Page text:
Mel Gibson’s latest action extravaganza Get The Gringo is set to bypass theatres altogether and arrive on DirecTV on May 1st. The film will cost $10.99 per viewing during this exclusive period, and then later in the year it will hit other outlets on Blu-ray, VOD, and digital download.
The deal, with 20th Century Fox, is something of a coup for Gibson’s company Icon Productions and it could mean that Gibson earns another fortune from a film which he has not only financed, but also released through a unique distribution angle.This radical release strategy follows a few years of personal problems for Gibson and the release of The Beaver, a black-comedy directed by Jodie Foster, which grossed less than $1 million at the US box office, and a little over $6 million worldwide. Some may argue that Gibson’s fan base has deserted him, and that this release is a way of minimizing expenditure through prints and advertising; however, it does fit into Gibson’s unique way of pushing the Hollywood envelope and giving audiences something that they might not normally get.
In 1989 Gibson founded Icon Productions as a way of getting the funding for Franco Zeffirelli’s Hamlet and through this company he’s balanced the mainstream with starring vehicles like Forever Young, What Women Want and Maverick with some trickier business propositions such as Immortal Beloved, The Passion of the Christ and Apocalypto, the latter two earning Gibson over $611 million and $120 million respectively at the worldwide box office. He even risked his reputation at the peak of his success with Braveheart, an Oscar-winning hit that grossed $210 million in 1995, paving the way for such films as Gladiator.
Get The Gringo (formally How I Spent My Summer Vacation) returns Gibson to his action roots, offering audiences (what appears to be) a violent and funny film about a career criminal coping with life on the other side of the Mexican border. Gibson is something of a cross-gender star who appeals to males and females alike, with his Lethal Weapon franchise grossing almost $1 billion – not bad considering that the last installment was in 1998.
The film will get a limited cinematic showing (marketed by Icon, Fox DirecTV) in at “least 10 markets” including a screening in Austin with a post-film discussion with Gibson, his co-writer and director Adrian Grunberg and 10 year-old co-star Kevin Hernandez. This event will be moderated by Harry Knowles and beamed live to the other screenings. The film will get a cinematic release in countries such as Australia and Russia, where VOD isn’t as prevalent as it is in the US – where DirecTV has more than 20 million subscribers. Fox Home Entertainment president Mike Dunn said:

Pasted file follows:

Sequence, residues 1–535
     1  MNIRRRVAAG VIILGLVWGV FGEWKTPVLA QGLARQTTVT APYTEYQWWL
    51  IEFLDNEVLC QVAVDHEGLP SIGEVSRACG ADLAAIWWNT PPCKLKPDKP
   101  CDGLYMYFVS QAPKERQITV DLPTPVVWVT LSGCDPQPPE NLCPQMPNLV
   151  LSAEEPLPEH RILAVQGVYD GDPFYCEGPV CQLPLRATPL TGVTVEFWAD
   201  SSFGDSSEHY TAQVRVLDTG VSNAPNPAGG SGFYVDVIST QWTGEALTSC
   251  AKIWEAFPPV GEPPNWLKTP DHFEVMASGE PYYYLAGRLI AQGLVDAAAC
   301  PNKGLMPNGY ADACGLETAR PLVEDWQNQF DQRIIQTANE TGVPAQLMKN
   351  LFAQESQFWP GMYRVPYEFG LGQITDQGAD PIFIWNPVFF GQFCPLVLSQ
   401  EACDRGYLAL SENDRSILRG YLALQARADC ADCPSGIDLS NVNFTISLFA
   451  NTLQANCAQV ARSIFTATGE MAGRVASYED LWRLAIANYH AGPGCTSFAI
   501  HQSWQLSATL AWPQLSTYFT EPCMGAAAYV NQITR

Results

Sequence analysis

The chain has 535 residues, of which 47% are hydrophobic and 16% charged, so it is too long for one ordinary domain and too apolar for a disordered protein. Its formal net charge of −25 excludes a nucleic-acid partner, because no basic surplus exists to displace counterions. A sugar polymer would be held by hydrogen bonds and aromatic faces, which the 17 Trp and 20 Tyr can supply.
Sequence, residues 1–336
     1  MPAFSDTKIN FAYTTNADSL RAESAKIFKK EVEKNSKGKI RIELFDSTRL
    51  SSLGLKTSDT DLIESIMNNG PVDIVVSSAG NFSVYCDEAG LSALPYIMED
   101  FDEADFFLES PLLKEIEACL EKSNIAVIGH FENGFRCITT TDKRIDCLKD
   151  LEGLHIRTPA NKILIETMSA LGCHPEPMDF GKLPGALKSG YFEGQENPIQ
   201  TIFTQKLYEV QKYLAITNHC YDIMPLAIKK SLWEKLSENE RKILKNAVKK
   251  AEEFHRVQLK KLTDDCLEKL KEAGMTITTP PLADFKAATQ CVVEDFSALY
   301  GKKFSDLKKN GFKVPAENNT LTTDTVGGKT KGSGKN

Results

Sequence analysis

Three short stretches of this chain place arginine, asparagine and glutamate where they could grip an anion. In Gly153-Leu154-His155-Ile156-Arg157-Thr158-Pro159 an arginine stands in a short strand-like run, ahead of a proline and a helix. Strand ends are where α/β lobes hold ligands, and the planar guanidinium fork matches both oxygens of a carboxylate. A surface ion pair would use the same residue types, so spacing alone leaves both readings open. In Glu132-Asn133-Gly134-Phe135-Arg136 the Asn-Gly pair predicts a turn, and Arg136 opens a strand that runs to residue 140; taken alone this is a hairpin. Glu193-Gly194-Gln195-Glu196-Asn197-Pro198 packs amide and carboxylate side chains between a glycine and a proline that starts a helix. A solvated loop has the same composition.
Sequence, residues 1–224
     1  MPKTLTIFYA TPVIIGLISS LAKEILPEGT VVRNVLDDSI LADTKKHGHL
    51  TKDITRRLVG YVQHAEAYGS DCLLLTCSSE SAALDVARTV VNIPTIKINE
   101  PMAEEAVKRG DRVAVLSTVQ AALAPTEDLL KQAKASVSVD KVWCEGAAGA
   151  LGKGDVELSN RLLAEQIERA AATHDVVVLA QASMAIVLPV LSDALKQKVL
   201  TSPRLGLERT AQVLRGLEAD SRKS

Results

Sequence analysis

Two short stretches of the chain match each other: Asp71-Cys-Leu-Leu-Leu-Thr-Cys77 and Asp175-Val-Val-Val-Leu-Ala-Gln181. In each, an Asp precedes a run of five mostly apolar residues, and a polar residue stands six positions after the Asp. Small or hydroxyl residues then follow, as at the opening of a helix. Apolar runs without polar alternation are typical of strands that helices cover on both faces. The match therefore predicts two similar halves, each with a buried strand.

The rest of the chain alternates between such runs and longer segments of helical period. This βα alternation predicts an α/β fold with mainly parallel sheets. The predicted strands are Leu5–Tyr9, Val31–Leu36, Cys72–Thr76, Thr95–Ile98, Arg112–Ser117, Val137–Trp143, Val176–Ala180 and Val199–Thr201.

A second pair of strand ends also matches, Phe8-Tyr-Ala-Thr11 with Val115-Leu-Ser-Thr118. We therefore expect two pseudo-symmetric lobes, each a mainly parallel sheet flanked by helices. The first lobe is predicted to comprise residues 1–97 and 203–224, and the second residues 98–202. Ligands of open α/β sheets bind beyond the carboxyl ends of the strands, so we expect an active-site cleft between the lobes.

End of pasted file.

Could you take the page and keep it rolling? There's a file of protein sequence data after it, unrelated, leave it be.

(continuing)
“As digital distribution evolves, we are constantly looking at new ways to bring the consumer greater access than ever before to our movies. Reaching nearly 20 million households on the DirecTV premium platform offers us an opportunity to explore innovative approaches like this one for Get The Gringo.”
According to Deadline (where you can also check out the trailer), “Gibson sparked to the chance to road-test a new distribution model” and Get The Gringo could be a way to add some credibility to VOD, expanding its core audience, and delivering exciting new films, that offer a cinematic experience at home.
A source is quoted as saying:
“We really wanted to lean into this, and they will do a very significant marketing campaign around it. It was a great way to launch this particular movie. A lot of those Sundance films going to VOD might not have a major star or be strong enough commercially to attract a wide audience. When we tested Get The Gringo, it tested 86% in the top two boxes, with all four quadrants.”
The VOD release of Get The Gringo doesn’t mean that Gibson is turning his back on releases on the big screen, as he is currently working on an untitled Viking tale written by Braveheart’s Randall Wallace, as well as another epic tale about Jewish warrior Judah Maccabee, which will be penned by Basic Instinct writer Joe Eszterhas.
At the very least, Get The Gringo should be a new chapter in Mel Gibson’s career and the success or failure of the film could have a major impact on how similar films are released and marketed.
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